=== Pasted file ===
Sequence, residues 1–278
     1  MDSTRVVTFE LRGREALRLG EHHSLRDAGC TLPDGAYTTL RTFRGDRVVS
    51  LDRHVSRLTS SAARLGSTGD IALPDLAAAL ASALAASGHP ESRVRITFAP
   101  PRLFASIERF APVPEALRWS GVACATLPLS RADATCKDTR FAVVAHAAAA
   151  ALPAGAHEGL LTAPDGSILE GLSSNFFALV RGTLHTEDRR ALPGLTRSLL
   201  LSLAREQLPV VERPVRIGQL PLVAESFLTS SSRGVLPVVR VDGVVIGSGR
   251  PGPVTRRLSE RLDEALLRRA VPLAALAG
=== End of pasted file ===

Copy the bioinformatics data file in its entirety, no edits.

Sequence, residues 1–278
     1  MDSTRVVTFE LRGREALRLG EHHSLRDAGC TLPDGAYTTL RTFRGDRVVS
    51  LDRHVSRLTS SAARLGSTGD IALPDLAAAL ASALAASGHP ESRVRITFAP
   101  PRLFASIERF APVPEALRWS GVACATLPLS RADATCKDTR FAVVAHAAAA
   151  ALPAGAHEGL LTAPDGSILE GLSSNFFALV RGTLHTEDRR ALPGLTRSLL
   201  LSLAREQLPV VERPVRIGQL PLVAESFLTS SSRGVLPVVR VDGVVIGSGR
   251  PGPVTRRLSE RLDEALLRRA VPLAALAG